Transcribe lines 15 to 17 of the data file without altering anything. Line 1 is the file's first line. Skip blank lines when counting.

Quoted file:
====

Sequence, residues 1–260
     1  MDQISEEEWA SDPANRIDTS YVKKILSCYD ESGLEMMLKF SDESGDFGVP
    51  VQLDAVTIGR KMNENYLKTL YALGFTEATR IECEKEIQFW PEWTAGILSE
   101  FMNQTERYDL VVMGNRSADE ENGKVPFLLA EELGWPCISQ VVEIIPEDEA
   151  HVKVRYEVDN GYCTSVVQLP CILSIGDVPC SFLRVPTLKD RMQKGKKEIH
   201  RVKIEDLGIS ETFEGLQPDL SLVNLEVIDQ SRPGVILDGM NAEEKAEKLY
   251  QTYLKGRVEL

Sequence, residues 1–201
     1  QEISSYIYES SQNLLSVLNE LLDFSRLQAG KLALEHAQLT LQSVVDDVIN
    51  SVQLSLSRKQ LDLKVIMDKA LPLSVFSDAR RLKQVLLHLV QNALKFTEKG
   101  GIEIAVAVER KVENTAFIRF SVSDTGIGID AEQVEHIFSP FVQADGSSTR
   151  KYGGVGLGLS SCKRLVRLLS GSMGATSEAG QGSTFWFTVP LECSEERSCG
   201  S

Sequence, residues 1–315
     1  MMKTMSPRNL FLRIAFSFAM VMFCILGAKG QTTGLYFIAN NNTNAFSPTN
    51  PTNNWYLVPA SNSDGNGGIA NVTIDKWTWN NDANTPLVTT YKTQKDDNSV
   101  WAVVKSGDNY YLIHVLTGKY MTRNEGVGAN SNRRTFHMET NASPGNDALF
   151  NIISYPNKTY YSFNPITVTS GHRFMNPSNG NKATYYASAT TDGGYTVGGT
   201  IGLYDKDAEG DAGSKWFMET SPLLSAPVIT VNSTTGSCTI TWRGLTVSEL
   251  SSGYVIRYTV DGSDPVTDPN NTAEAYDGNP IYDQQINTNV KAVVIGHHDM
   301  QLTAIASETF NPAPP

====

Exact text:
     1  MMKTMSPRNL FLRIAFSFAM VMFCILGAKG QTTGLYFIAN NNTNAFSPTN
    51  PTNNWYLVPA SNSDGNGGIA NVTIDKWTWN NDANTPLVTT YKTQKDDNSV
   101  WAVVKSGDNY YLIHVLTGKY MTRNEGVGAN SNRRTFHMET NASPGNDALF